No one is above the law! Especially the king!
And everything a user posts serves as an example as well. At a minimum you have to moderate threads, and ideally give moderation tools to users as well. Comment threads can get incredibly bad, like as bad as bad can possibly be. I also think of the insane threads we see these days on Reddit / Hacker News / YouTube. Awash with personal attacks, racism, etc. The longer it's like that, the more "OK" it seems to others.
Find the proactive, positive members and get them involved in the production of your content.
I'm constantly trying to do this and wishing I was better at doing this. Easily could be a full time job.
Speaking of a full-time job, from an interview in the book with Matt Haughey:
Don't underestimate the commitment required. Done right, a community site will take a lot of your time, and the payoffs, in whatever form you set for yourself as goals, may not come for a very long time.
Years, at a minimum, in my experience.
... pick something you're passionate about, devote the necessary time to building a site around it, stick with it for as long as it takes.
... songwriting and web design are really the same thing. Each of them involves setting a beat and then improvising around it.
Nice sentiment. I'm admittedly fond of music analogies though. I like that idea that no matter how much of a plan you have, the real designing starts after you've started building and even after you've launched.
... tie your community features to your content as much as possible, visually and architecturally.
Having comment threads specifically for bits of content that are someplace entirely different on the site is just weird, and not something we're used to seeing these days. Perhaps those days are rightfully gone.
Whenever I'm reading a site with a beautiful design and then I link away to a bargain basement area for the discussion tools, I feel like I've just been sent to the kid's table.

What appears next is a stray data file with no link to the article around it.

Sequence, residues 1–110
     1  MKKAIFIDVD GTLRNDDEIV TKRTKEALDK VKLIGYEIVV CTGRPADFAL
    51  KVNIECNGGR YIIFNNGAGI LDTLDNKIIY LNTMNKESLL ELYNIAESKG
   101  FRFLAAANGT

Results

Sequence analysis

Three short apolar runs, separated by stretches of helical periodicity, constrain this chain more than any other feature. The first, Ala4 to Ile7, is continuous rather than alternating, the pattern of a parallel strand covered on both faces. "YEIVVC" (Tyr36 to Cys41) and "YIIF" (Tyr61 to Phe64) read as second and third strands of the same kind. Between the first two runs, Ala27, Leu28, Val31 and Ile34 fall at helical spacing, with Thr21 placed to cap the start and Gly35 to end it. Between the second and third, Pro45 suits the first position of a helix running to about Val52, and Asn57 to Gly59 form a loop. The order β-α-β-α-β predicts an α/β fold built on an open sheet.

I know I like discussion about content as close to the content as I possibly can. Even things like Disqus (while I generally like Disqus) sometimes feel a little more disconnected with the content than I would like (with the often different look and feel than the content above it). I wonder if the Medium technique of commenting on a particular paragraph is something that will catch on. Not sure how I feel about that yet. Clever, but distracting? Too close?
... the first thing the user is greeted with is other people's answers to the question.
This has largely become a standard. Post > Comments > Comment Form. You have to at least scroll past some comments (which hopefully set the proper tone) before you get a chance to comment yourself. Maybe that's what is weird about Disqus. Although they really minimize the comment form until you click in there which is nice.
Later, Derek talks about "burying the post button" in which he admits is counter-intuitive, but leads to higher quality content. I'm still afraid to do that one. I feel like I'd just constantly get called out for bad UX.
... don't be annoyed when your users do something totally unpredictable. They're doing you a favor - they're teaching you about your site.